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Zengeza 2 High crowned music champs

Zengeza 2 High School choir Pic: LM Creative

ZENGEZA 2 High School choir from Chitungwiza has been crowned champions after coming tops in a choral music competition organised by the Zimbabwe College of Music (ZCM).

The choral music competition makes a return after a four-year sabbatical due to the global COVID-19 pandemic.

It was pomp and fanfare over the weekend as both primary and high schools showcased their singing talents at the choral music fete sponsored by bottled water company ZLG in Harare.

Zengeza 2 High School came out tops after shrugging off fierce competition from five other choirs during a music festival held under the theme Fighting Drug Abuse Promoting Substance Use in Free Zimbabwe.

For its efforts, the winning choir received a trophy and US$500 prize money.

Rufaro High School from Masvingo province came second and received a trophy plus US$400, while Zengeza 1 High, which came third, took home a trophy and a US$300 cash prize.

Nyamatikiti High School (Mashonaland Central) came fourth, while Gifts Academy High School (Ruwa) and New Hope Academy (Chitungwiza) were adjudged fifth and sixth, respectively.

Speaking to NewsDay Life & Style on the sidelines of the festival, Zengeza 2 High choir director Paulgracia Mupariwa said the victory was a result of a continuation of the great works that were embarked on by the late former choir director Mandlayenkosi Gangarabwa.

Gangarabwa was Zengeza 2 High choir director from 2015 up until his time of death in May this year.

“We are happy to have won this competition in memory of the previous choir director (Gangarabwa), who passed on May 13, may his soul continue to rest in peace. After his death, the choir was left with a huge void which I committed to try to fill since he (Gangarabwa) was my friend. I am happy to have won it for him,” Mupariwa said.

“The victory came because of a carryover of the great works Gangarabwa has been doing with the choir. He has been the pillar of this choir as he was able to motivate these children, mould and teach them to understand music all in an effort for them to appreciate that there is much that can come out of them from the extra-curricular activities.”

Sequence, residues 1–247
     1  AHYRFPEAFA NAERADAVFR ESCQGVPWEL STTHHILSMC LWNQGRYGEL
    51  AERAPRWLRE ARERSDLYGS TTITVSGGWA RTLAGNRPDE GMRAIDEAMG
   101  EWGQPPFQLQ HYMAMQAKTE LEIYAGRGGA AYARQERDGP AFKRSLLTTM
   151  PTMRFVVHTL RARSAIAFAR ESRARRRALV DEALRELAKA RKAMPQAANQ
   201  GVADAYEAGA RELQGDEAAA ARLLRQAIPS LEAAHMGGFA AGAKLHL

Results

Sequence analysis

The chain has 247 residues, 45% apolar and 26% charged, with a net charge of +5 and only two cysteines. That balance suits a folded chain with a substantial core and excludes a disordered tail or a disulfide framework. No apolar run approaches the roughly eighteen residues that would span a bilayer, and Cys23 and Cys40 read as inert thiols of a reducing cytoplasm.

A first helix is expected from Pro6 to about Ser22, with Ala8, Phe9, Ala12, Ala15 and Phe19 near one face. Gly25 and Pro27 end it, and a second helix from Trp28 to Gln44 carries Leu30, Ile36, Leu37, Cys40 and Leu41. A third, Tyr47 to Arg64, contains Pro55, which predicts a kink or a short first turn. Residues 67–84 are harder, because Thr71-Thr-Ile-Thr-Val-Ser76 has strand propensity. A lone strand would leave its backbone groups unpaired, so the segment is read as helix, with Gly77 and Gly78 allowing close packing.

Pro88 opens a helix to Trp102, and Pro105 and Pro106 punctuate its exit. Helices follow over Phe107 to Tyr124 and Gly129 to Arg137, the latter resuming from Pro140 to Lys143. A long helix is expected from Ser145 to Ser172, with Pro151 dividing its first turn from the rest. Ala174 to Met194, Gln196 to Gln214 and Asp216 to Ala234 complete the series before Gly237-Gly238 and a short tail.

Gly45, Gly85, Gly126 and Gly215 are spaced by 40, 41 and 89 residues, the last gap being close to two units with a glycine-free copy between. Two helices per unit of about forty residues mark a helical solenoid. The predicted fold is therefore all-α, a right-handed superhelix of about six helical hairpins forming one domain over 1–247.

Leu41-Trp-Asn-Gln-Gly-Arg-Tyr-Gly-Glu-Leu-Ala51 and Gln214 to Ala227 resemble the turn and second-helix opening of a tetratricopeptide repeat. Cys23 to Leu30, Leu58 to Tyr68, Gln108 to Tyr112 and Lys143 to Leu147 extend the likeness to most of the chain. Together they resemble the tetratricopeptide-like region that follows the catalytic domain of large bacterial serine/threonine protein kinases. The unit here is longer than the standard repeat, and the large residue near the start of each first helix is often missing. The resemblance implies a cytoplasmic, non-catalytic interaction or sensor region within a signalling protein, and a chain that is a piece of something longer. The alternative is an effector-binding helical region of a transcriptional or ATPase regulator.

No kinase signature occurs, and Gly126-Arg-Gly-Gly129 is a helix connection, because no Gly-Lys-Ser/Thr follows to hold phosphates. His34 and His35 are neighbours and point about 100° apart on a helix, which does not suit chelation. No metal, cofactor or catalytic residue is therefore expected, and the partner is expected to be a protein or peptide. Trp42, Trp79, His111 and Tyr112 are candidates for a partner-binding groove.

Mupariwa said there was need to support choral music from the grassroot level noting that the genre was not being treasured in the community.

“Choral music is a genre which is not being much appreciated in schools as the general biases are towards churches. This choral music festival for schools is a stepping stone that helps to expose the talents we have in schools that seriously need to be supported and nurtured to bring out the musicians that can fit in all other genres,” he noted.

“The majority of these children who participated in this festival have a musical ear, but they might fail to fit into the music world because there is no one to support them or to give inspiration to take their careers further.”

The festival’s head adjudicator Thulani Zwana said schools that participated proved to have an understanding of the choral music genre.

“As the adjudicators, we were looking mainly at the correct interpretation of the song. A song has its dynamics, performance direction, what is supposed to be done like where there was need to lower or increase volume. Those were the basics that we were firstly looking for to say have the choirs managed to do this,” Zwana explained.

“Also, we were looking at the interpretation of the song, the mood of the song to say were the choirs able to produce the mood. For instance, if we look at the set piece, the introduction that was talking about fighting drugs, it’s a war, we wanted to hear that heavy sound that people are talking of the war.

“Then, there was a section with tranquillo that needed to be calm and soft, we wanted to hear that this mood expression has come out.

“For Zengeza 2 High, they managed to showcase those performance directions and all the required dynamics and they also tried to showcase the other hidden art that was within the music.”

ZCM executive director Rachel Jera-Chigwanda told NewsDay Life & Style that before the sabbatical, the festival had become a permanent springboard for developing talent.

“The choral music festival has continued to develop talent from grassroots and uniting high school choirs as well as providing an interaction platform,” she said.

“As a way of promoting choral music in the country, the first day of the festival featured primary schools, while the second day was for high schools, with the churches choral festival set for July 8.”

Jera-Chigwanda said ZCM was committed to hosting the choral music festival in line with the college’s vision.

“The festival is a platform for interaction through choral music. The main drive of the choral music festival is for choristers to share ideas as well as learn from each other so as to improve their skills,” she said.

“As we make a return from the COVID-19 pandemic, we promise better improved editions appreciating that choral music is now the main medium for transmitting messages that uplift and enlighten the main soul, while giving better placements for psychomotor abilities, immune boosting, wellness and entrepreneurial activities.”

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